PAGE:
The author seems to have lost his nerve by the end of the novel, and the recent adaptations have done even more to muffle the political potential of Les Misérables. Critiqued for its “push-button emotionalism” and “lurid melodrama” on opening night, Les Miz has nevertheless been packing theaters around the globe since 1985 (Nightingale and Palmer). Can one blame Tom Hooper, director of the 2012 film, for following such a lucrative lead?

Faced with this media onslaught, students might be invited to rewrite the end of Les Misérables. Maybe they could make it answer to the preface. Perhaps Marius might remember his father’s sacrifice, or see the ghosts of Enjolras or Éponine lighting a path forward? Using creativity may be the best way to restore urgency to Les Misérables. It might allow some students to feel brotherly love, if only in the classroom. What happens next will be up to them.


Did you hear the one about Joséphine the fish monger?

The  Progress of Empress Josephine VERY close-up
Those of you interested in the poissard tradition will be intrigued to learn (as I was) that Empress Joséphine had a certain connection to the humble women of the marketplace. As seen in this English engraving, not only was she depicted as a child of the land (“A planter’s daughter”), but even when she ascends the social hierarchy she is still labeled a “Loose Fish” (bottom left). Another print of 1805 by Gilray represents an obese Joséphine as having “ci-devant poissardes” as her bridesmaids.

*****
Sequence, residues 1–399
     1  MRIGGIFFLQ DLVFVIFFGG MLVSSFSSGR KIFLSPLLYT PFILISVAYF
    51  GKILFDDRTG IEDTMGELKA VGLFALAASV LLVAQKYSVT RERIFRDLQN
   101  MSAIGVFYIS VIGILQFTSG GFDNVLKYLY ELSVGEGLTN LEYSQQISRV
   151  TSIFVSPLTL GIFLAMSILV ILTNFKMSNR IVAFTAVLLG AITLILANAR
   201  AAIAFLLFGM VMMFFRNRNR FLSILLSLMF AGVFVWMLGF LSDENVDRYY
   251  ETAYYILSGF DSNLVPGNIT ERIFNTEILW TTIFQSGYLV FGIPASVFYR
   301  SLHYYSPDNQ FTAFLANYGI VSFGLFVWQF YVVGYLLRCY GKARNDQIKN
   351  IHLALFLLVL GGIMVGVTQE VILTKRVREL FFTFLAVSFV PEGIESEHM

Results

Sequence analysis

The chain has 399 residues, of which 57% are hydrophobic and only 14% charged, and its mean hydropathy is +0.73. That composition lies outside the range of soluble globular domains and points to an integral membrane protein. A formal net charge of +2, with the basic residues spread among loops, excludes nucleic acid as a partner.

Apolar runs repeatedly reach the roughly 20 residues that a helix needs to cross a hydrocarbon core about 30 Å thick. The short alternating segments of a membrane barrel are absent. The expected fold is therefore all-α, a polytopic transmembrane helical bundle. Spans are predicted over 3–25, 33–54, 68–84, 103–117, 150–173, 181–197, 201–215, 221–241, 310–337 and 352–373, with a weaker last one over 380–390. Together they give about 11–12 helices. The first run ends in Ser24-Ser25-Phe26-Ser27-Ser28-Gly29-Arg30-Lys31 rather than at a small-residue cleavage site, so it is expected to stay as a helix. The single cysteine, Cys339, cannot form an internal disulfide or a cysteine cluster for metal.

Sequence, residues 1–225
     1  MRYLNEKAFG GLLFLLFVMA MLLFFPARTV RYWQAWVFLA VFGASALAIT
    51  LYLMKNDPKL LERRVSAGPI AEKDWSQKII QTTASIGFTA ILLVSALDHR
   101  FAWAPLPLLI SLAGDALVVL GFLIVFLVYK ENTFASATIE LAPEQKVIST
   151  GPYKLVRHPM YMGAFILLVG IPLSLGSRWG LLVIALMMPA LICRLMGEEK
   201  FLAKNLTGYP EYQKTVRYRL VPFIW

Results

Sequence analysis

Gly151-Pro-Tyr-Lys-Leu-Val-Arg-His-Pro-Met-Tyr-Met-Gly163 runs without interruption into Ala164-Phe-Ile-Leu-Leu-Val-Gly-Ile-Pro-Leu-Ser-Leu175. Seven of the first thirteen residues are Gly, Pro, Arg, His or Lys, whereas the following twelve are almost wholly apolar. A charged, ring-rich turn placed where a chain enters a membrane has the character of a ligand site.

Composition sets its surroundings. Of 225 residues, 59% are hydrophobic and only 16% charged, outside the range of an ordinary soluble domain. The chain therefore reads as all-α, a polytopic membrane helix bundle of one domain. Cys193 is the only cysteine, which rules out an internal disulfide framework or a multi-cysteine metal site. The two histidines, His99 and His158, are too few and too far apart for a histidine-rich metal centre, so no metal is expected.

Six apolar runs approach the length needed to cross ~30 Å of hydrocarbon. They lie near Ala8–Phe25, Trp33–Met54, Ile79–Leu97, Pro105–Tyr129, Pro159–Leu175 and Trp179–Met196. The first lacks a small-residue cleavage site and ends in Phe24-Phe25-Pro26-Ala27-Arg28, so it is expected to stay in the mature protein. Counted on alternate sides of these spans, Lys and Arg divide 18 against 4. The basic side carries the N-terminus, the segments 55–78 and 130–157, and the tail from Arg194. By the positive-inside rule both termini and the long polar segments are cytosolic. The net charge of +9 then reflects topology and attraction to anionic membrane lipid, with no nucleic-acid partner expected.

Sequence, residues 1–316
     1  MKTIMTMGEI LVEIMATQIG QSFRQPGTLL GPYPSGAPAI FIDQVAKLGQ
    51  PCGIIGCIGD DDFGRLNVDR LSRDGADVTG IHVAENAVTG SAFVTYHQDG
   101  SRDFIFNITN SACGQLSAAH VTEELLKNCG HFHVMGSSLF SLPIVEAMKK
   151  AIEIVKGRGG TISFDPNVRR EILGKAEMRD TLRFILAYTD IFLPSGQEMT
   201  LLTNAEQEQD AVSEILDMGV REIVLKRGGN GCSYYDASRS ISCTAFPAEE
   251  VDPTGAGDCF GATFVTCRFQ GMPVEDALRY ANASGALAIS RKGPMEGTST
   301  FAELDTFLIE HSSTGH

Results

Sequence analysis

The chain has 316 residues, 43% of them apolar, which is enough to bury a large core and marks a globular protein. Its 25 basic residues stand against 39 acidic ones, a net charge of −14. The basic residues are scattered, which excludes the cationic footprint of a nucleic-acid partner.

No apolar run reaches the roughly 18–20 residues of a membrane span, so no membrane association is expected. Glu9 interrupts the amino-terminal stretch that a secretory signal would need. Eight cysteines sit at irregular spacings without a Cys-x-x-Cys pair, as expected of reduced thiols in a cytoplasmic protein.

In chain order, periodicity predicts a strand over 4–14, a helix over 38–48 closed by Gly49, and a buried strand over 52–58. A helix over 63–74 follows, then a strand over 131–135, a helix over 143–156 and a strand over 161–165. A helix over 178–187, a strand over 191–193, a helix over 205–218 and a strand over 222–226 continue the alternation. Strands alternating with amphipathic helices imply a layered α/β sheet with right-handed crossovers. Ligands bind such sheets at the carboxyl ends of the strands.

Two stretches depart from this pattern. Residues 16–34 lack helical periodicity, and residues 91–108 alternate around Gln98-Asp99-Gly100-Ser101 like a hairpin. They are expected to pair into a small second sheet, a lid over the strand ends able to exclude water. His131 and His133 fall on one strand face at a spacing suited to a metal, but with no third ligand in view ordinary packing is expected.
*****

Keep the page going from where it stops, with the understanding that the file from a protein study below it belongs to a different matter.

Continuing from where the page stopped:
This tantalizing print and excellent background material are found in Joséphine, exposition présentée au Musée du Luxembourg du 12 mars au 29 juin 2014 (Paris: Musées nationaux, 2014), 20-21.

Anybody else out there interested in the history of the Directory period (1795-99)?
I have posted calls for papers at the ASECS conference in Los Angeles (March 19-21, 2015), and the American Comparative Literature Association conference in Seattle (March 26-29, 2015), and I’m open to proposals!